An Interview With Our Founder

Did you know that 2016 is FoxyProxy’s 10 year anniversary?
Of course you did. You’re a smart person.

fox borthday

In honor of our 10th anniversary year, we put together some questions for our founder Eric Jung. Eric is a published author, formally trained computer scientist, huge open source advocate, and all around cool guy.

Not to mention suave.
Not to mention suave.
  1. What was the catalyst for you to create FoxyProxy? Was your motivation more one of security or accessing content not available to you?


It was 2005, and I was working as a contract software developer at a large, well-known insurance company. The company had aggressive web filtering in place. The filtering prevented me from doing my job by blocking access to critical reference sites. I was under tight deadlines to deliver but was having problems delivering.

So, as a go around at the insurance company, I setup a proxy server on my internet connection at home. But the connection speeds to my 2005-era “broadband” DIY home proxy server were slow, slow, slow and unreliable.

I could now bypass website filtering… er, let’s call it what it is… censorship. But not at the speeds I wanted. I needed a way to load only censored websites through my home proxy server and everything else through the normal, blazing-fast, on-site, corporate internet connection.

Firefox was huge at the time. It was open-source software (OSS). There’s a saying in OSS, “Scratch your own itch”. The sentiment means, “If you don’t like something with software that is OSS, change it yourself.” Being a software developer, I researched how I could hack Firefox to selectively load websites across different internet connections .

Shortly thereafter, the FoxyProxy extension for Firefox was born. I released it as free, open-source. And I quickly learned that I’d scratched an itch shared by millions.

FoxyProxy very quickly become a Top-5 most popular extension with an active user community. It was often featured by Mozilla in their Addons Store ( I was lucky this was not my first success with open-source software; I was prepared for the good fortune that followed.


  1. Streaming media wasn’t nearly as prevalent in 2006 as it is today. Did you predict the future popularity of streaming media at the time? Are you a wizard?

Ha, I could never get past about a level 3 or 4 magic-user in AD&D (first edition rules). So, I’m a mediocre wizard. Maybe that’s why I became a DM.

Rule number 1: Don't piss off the DM.
Rule number 1: Don’t piss off the DM.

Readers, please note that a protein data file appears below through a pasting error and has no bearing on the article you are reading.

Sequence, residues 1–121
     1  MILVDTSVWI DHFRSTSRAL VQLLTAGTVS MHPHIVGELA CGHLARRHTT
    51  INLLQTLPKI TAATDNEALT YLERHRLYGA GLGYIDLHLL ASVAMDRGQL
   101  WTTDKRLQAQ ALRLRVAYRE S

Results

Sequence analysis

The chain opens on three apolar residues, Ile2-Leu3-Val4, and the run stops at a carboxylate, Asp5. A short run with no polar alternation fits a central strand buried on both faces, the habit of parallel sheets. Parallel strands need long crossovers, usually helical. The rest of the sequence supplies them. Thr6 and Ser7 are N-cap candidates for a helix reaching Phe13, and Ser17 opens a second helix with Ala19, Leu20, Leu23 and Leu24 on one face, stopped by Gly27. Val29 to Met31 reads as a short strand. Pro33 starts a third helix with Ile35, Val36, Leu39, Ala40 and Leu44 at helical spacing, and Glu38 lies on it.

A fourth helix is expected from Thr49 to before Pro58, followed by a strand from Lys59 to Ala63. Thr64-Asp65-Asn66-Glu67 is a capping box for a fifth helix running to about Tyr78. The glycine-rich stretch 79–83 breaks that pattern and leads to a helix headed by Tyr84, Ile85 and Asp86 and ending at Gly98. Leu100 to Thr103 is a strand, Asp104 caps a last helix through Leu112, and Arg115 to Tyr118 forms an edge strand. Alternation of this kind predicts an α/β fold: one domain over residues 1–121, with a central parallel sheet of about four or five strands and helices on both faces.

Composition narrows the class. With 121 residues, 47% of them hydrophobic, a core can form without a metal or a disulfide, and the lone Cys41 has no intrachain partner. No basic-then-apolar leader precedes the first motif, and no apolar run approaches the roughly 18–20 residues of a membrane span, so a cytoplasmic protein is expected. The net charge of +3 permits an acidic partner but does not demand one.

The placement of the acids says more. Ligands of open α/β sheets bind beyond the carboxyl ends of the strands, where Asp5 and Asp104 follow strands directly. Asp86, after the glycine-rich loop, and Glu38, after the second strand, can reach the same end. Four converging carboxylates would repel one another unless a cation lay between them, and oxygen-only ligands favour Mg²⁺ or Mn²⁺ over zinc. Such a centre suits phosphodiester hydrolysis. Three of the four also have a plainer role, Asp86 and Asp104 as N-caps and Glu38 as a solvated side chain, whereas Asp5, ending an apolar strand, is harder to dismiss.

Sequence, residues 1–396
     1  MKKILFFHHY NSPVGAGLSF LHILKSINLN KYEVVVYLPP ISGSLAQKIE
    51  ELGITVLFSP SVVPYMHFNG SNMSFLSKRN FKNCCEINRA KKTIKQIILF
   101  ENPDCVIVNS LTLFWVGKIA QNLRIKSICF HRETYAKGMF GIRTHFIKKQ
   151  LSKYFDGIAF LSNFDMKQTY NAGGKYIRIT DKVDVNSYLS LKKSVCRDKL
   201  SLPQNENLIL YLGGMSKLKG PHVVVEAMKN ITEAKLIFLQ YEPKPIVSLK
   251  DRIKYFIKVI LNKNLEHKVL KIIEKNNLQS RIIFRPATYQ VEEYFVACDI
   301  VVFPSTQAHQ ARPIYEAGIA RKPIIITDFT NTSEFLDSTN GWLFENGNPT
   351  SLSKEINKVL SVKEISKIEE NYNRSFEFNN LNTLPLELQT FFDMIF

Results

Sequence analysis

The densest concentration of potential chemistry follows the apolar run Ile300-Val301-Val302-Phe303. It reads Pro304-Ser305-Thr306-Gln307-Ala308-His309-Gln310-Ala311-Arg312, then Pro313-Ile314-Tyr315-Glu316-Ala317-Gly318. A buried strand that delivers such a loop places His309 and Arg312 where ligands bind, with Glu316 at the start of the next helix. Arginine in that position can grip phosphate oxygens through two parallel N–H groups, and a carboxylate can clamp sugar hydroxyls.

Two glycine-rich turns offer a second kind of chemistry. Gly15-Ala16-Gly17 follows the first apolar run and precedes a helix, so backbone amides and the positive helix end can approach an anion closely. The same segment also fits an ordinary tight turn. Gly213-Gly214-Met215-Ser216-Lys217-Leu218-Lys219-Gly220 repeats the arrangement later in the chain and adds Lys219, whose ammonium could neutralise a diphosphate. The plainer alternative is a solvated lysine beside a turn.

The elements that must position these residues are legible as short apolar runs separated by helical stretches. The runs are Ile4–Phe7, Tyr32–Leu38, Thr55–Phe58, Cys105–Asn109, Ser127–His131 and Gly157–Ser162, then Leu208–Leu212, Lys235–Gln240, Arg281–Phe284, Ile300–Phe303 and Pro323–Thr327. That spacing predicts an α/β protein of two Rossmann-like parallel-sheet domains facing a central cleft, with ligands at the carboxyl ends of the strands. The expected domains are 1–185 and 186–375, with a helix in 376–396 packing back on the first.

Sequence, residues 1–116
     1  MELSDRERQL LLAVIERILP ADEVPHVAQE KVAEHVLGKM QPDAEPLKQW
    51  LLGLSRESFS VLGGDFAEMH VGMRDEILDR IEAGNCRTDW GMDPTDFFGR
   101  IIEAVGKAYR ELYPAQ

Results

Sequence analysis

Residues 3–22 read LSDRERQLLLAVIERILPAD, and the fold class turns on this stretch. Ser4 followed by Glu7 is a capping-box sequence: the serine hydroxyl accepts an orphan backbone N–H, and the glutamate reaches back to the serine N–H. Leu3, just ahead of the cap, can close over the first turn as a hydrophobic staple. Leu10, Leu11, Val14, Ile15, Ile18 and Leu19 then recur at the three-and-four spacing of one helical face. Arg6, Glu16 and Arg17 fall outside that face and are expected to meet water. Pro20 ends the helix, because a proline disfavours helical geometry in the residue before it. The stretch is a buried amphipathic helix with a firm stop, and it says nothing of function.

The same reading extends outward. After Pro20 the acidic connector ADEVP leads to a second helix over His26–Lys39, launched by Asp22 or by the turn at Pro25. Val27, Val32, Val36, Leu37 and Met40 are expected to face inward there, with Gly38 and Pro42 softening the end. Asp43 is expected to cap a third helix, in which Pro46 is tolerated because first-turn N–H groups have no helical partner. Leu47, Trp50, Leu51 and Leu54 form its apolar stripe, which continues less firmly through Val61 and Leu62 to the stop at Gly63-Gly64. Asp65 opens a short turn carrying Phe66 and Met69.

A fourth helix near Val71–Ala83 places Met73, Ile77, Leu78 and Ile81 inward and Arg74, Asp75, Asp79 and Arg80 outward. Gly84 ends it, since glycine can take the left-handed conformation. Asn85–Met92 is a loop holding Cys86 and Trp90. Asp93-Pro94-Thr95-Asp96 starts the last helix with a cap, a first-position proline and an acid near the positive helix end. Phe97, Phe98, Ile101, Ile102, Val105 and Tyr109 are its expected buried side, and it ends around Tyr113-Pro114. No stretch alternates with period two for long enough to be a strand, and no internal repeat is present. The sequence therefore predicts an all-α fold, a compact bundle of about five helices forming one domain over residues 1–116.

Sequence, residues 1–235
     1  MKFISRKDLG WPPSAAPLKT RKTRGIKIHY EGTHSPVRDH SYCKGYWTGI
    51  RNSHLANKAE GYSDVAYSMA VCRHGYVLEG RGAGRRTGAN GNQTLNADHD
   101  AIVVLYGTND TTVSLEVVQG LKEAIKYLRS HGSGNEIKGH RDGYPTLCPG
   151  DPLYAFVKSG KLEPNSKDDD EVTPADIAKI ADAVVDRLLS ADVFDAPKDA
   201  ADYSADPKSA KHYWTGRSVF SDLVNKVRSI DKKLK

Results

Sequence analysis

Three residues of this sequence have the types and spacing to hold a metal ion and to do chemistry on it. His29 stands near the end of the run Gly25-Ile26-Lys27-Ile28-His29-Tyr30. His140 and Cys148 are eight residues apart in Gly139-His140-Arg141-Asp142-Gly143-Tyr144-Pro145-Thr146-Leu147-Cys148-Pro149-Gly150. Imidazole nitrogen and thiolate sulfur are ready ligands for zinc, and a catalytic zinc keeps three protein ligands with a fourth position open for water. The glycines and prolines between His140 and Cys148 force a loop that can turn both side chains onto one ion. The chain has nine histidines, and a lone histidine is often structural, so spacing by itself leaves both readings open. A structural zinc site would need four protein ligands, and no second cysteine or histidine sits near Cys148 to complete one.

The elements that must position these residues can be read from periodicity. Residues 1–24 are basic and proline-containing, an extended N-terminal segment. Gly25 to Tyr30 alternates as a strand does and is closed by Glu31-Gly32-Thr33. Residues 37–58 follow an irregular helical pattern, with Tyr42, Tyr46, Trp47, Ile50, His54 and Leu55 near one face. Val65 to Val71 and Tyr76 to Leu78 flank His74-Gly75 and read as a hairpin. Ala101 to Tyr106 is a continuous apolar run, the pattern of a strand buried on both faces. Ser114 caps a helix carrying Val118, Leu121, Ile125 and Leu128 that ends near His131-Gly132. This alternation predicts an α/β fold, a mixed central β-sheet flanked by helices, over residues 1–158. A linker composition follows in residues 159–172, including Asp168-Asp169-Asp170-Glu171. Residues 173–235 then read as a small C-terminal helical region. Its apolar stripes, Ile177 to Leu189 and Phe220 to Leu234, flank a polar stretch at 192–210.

1. Was there any other software at the time which could do what FoxyProxy was doing, or were you wading into unexplored territory?

As they say, necessity is the mother of invention. There definitely wasn’t anything like it; if there had been, I wouldn’t have written FoxyProxy.


  1. Tell me about some of the first things you did when you had a proxy up and running. Which websites were you aching to visit but never could before?

Unfortunately, nothing untoward. They were simply sites I need for work, like (one of the predecessors to, Java API documentation sites, MSDN, and similar.


  1. The Internet is notorious for chewing up bright eyed idea havers and spitting them (and their start-ups) viciously out. How did you ensure that FoxyProxy would still be a success after 10 years? Let’s face it, 10 years in internet time is roughly equal to 45 year in real-time.

It’s about making something that people need. “Scratching my own itch” turned out to scratch the itch many others had. And sometimes that scratch be as simple as making potato salad, though potato salad probably isn’t a sustainable business model.


  1. What’s your favorite country to browse from, and why?

Iceland. I love the place and love to pretend I’m there.


  1. Services like FoxyProxy have been helpful for people living in countries with markedly less freedom of information than we in the US are used to. Tell me about some instances where FoxyProxy has helped someone get information that may have been withheld from them?

Over the years, I’ve received many thank-you emails from individuals who use both FoxyProxy software and our network to bypass censorship in China, Iran, Myanmar, Malaysia, and many others. For example, I received some such emails during the Turkish Gezi Park Protests in 2013 when Turkey blocked social media and other sites.

The FoxyProxy extension is part of the PirateBrowser and for a while, it was an essential part of using tor (before tor had its own browser). We’ve helped reporters bypass internet censorship in places all sorts of unfree places. We’ve given Wall Street Journal and New York Times researchers free access to our network to study topics like consumer protection, online tracking, surveillance, privacy, and price discrimination. We’ve even given the Chief Technologist at the Federal Trade Commission free access to our network at his request. At the moment, we’re sponsoring the DataObservatory project at the Columbia University Data Science Institute. It’s a price discrimination application for hotel and flight bookings, answering questions like “From which country or city can I most cheaply book a room at the Four Points by Sheraton LAX (or any other hotel)?”


We will continue to support an open, equal, free internet with all resources at our disposal. HERE’S TO THE NEXT 10 YEARS!